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This weekend we visited an Atlantic white cedar bog in Southern NH. This location sits in a depression right smack in the middle of suburbia. The area is under threat of disappearing due to the encroaching red maples and grey birches that are invading the bog at an alarming rate. The trees have probably gained a foothold in the otherwise inhospitable bog due to phosphates from fertilizer run off from the surrounding neighborhood.

Here's the general habitat.

The one orchid we found was Pogonia ophioglossoides, the Rose Pogonia. This species was extirpated inexplicably from the site but was successfully reintroduced several years ago. Maybe next year we'll get to this location early enough to see them in bloom.

Drosera intermedia - These are by far the smallest examples of adult D.intermedia I've seen at any of the bogs I've visited.

Drosera rotundifolia - These plants were also much smaller than any other D.rotundifolia I've seen.

Note the foliage of Utricularia cornuta in this photo.

Utricularia cornuta - None of these were in bloom and only a single expired flower stalk was found.

Sarracenia purpurea purpurea - a seemingly healthy population on the brink of habitat loss.

Etiolated plants growing in what was once wide open bog habitat, now heavily grown in with saplings.

The plants growing in the open bog were beautiful and unique.

Fortunately we found many small seedlings in the area, ensuring at least for now that this population is continueing to grow and prosper.
Aren't purpureas beautiful in that setting - submerged in dense red Sphagnum?! Wonderful pics, thank you Johnny.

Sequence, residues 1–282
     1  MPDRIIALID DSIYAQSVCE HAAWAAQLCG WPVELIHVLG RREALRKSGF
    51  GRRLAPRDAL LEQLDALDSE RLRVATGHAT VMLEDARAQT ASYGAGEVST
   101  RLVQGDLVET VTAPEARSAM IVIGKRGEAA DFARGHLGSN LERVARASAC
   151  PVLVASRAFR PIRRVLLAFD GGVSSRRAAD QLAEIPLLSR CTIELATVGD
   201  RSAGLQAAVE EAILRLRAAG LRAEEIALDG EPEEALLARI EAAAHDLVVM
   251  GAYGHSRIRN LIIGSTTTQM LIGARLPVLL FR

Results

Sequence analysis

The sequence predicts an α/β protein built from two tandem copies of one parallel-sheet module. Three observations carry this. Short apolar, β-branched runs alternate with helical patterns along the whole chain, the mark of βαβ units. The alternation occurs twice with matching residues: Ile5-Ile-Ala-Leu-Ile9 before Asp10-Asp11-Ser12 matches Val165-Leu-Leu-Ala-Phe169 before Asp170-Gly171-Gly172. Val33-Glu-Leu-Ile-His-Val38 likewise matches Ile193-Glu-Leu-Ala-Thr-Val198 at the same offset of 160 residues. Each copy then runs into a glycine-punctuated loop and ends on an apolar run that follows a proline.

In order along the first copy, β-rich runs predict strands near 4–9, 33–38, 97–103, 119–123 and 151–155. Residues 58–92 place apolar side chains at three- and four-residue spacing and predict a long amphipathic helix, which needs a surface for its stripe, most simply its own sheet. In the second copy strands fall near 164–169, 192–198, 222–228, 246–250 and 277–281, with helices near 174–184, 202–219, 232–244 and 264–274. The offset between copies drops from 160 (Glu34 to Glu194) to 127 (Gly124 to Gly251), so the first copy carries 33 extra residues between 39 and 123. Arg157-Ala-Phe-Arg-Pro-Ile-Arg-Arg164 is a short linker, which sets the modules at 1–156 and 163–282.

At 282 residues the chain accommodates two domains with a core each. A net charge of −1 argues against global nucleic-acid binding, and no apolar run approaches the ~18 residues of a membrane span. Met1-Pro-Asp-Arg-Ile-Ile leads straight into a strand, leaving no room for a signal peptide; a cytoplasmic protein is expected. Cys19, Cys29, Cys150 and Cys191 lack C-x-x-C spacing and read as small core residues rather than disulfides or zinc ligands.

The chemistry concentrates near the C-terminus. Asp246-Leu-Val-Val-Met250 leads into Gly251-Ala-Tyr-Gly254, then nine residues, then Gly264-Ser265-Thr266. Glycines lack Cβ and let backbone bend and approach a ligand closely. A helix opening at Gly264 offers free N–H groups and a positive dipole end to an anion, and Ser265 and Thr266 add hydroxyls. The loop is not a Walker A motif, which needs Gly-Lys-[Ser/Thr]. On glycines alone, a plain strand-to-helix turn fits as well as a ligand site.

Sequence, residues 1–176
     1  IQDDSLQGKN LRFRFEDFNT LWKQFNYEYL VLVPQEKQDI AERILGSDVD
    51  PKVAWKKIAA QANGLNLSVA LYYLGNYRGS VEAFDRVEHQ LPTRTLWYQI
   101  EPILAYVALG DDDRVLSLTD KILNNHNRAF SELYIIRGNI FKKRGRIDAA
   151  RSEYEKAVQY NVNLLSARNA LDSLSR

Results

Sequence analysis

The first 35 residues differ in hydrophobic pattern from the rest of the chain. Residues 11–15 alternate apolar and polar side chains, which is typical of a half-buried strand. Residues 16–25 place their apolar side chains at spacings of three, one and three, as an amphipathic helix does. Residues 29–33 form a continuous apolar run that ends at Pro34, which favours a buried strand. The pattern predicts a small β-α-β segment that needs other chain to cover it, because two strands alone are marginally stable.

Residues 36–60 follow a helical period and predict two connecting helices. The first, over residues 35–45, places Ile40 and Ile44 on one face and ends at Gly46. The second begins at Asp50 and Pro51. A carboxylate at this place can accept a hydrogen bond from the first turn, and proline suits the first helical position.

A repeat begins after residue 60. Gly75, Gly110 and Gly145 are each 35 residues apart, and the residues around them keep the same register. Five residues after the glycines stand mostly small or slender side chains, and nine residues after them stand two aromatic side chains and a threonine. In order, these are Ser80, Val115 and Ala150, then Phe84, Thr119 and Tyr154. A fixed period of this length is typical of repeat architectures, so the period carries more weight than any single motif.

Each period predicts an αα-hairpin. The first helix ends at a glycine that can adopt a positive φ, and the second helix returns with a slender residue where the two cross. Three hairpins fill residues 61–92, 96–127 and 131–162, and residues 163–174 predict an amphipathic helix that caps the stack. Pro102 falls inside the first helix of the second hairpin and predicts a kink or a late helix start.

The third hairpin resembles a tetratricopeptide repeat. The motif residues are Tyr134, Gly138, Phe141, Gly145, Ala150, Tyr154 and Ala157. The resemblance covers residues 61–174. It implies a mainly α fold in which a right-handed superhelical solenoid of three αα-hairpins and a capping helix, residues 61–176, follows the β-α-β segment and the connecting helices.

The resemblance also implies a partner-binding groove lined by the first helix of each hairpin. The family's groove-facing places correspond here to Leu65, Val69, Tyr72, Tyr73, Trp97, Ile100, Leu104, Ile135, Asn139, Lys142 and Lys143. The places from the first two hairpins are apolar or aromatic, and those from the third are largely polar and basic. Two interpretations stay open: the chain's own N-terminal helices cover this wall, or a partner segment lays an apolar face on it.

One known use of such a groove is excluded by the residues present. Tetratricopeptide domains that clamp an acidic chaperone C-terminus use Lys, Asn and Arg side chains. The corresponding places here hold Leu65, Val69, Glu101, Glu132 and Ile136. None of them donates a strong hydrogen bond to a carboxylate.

Very cool!
Aren't purpureas beautiful in that setting - submerged in dense red Sphagnum?! Wonderful pics, thank you Johnny.

Indeed they are. A completely different experience from viewing them in pots in a kiddie pool or in a mixed bog in someone's yard. Seeing their relationships with other native bog plants is a beautiful thing. These wild habitats have inspired my next project, a half barrel bog of strictly native New England carnivores, orchids and other plants we would see naturally in the ombrotrophic bogs of the area like Eriophorum, Chamaedaphne, Xyris, Lycopodium and Andromeda.
My original intention for my bog was for it to be 'native only' species. I got carried away, though.
It is certainly easy to get carried away. That's why I've decided just to do the small half barrel dedicated to the natives for now. I plan on doing larger one at my mother's house in NH down the road complete with open water for some of the local aquatic Utricularia. I actually planned it out quite a while ago and have already bought a large liner and most of the other supplies. I'll be sure to post pics if I ever get around to doing it.
The live sphagnum looks beautiful. It is heartbreaking to see the Sarracenia purpurea getting overgrown by trees. I guess lack of fire isn't the only problem facing bogs (aside from habitat destruction).
The northern sphagnum bogs are not subject to fires like the southern savannah bogs. Two completely different eco systems. Most of our bogs here are comprised of huge mats of sphagnum floating on top of a peat slurry. The lack of nutrients in the peat of the northern bogs is what keeps other plants from establishing themselves in them. When phosphates from fertilizer run off gets into these bogs, it opens the door for other species of plants and trees to gain a foot hold in an otherwise unsuitable habitat. It's a big problem in the fragile eco systems of these bogs, especially ones like this which are very close to civilization.